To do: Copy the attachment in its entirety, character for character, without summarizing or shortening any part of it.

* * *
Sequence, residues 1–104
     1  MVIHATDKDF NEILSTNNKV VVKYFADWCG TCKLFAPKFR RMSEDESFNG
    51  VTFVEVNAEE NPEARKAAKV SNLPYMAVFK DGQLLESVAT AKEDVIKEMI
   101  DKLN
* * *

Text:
Sequence, residues 1–104
     1  MVIHATDKDF NEILSTNNKV VVKYFADWCG TCKLFAPKFR RMSEDESFNG
    51  VTFVEVNAEE NPEARKAAKV SNLPYMAVFK DGQLLESVAT AKEDVIKEMI
   101  DKLN